A Bold Approach to a Big Problem: Green New Deal Raises Support and Concern in Congress
On February 7th, Representative Ocasio-Cortez and Senator Markey announced their Green New Deal Resolution in both the Senate and House, a move that marks a transformative period of numerous possible environmental changes in the United States. Both members of Congress have stressed that this deal, modeled after FDR’s New Deal in the 1930’s, will not only move to decrease carbon emissions but will also save the United States billions of dollars in the next decade, create millions of new jobs in the industries of clean energy, and improve racial and economic disparities through programs implemented by the federal government.
The layout of the New Green Deal follows two alarming reports released by the United Nations’ Intergovernmental Panel on Climate Change and the United States National Climate Assessment Fourth Report. These new studies unearthed the disturbing reality that the world will experience stronger climate change impacts in the coming years and should continue to expect extreme weather patterns and natural disasters if drastic measures are not taken to reduce carbon emissions. Both Senator Markey and Representative Ocasio-Cortez are using their plan to change that outcome by altering the United States energy industry. Taking steps that create measured environmental change such as investing in infrastructure to meet the challenges of the current century would be paired with other positive changes such as job creation and equal opportunity initiatives.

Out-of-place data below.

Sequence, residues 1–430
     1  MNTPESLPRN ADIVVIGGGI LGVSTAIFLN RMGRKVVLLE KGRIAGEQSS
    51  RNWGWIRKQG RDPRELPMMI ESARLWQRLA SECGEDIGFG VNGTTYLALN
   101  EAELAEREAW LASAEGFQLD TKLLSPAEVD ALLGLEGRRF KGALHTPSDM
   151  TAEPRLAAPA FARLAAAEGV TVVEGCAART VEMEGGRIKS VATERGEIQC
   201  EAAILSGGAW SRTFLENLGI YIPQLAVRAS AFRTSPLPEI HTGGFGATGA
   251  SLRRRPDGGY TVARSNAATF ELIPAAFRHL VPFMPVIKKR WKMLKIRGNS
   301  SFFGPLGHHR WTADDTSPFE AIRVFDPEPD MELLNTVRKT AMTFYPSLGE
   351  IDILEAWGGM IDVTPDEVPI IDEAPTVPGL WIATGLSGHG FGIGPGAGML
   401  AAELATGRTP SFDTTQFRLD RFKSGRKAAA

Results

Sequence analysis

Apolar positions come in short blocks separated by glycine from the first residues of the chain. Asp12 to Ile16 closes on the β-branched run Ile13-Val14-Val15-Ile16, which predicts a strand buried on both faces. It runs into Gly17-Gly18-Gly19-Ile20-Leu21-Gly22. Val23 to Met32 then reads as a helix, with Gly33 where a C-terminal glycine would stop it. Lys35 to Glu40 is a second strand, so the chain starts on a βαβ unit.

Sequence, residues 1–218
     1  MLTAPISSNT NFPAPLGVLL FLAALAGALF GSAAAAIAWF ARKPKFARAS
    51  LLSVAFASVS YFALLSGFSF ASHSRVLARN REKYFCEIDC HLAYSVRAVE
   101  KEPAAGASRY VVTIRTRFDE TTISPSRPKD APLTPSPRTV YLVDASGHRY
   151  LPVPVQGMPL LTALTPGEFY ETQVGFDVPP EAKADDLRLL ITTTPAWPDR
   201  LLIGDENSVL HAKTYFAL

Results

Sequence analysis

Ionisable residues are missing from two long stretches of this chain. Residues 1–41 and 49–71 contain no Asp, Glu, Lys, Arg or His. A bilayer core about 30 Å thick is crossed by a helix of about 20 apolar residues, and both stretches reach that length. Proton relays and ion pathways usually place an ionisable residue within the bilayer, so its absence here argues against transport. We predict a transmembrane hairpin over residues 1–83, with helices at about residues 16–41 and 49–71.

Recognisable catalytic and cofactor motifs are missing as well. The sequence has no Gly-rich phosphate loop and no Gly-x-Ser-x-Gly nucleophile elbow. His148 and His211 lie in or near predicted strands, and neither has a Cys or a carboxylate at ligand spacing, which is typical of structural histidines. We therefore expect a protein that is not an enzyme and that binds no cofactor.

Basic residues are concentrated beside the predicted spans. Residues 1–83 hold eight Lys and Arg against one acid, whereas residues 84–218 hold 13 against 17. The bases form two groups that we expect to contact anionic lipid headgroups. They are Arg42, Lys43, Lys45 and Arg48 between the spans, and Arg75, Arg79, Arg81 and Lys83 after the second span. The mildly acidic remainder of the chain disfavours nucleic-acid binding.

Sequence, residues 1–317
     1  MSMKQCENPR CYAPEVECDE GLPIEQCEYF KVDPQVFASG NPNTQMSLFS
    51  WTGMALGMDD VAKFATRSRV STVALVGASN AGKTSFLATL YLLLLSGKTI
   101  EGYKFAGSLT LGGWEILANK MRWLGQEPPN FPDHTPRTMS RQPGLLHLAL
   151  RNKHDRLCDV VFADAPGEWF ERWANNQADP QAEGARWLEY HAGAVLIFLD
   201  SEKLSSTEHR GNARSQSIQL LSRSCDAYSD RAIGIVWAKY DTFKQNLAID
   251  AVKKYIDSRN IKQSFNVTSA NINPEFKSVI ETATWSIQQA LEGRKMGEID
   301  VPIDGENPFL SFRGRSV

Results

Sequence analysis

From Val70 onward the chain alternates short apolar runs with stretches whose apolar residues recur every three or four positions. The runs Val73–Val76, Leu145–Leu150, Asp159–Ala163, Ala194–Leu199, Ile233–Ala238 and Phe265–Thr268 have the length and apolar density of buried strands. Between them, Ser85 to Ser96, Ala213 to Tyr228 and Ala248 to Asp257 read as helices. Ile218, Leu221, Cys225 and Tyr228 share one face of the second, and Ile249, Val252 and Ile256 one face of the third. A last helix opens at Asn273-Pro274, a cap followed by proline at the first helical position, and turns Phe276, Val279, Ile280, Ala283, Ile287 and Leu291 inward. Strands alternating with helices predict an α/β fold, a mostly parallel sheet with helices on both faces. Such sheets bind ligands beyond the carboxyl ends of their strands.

The resolution is supported and co-sponsored by a number of powerful Senators, including Bernie Sanders and Kamala Harris. It is also questioned by a number of representatives who are critical of the resolution’s substance and strategy. Representative Sam Graves (R-MO), Ranking member of the Committee on Transportation and Infrastructure, believes that the private sector is doing enough to improve clean energy standards and that many of the deal’s proposed transportation resolutions are unrealistic. In addition, many industries that have not considered a climate resiliency plan in their past priorities will now be challenged to. Though Representative Ocasio-Cortez has said herself that adopting the provisions in the resolution will be a challenge, they are necessary changes for industries and the government to make as they are meant to preserve the wellbeing of United States citizens, the economy, and the sustainability of the world.
Photo credit: Jonathan Ernst/Reuters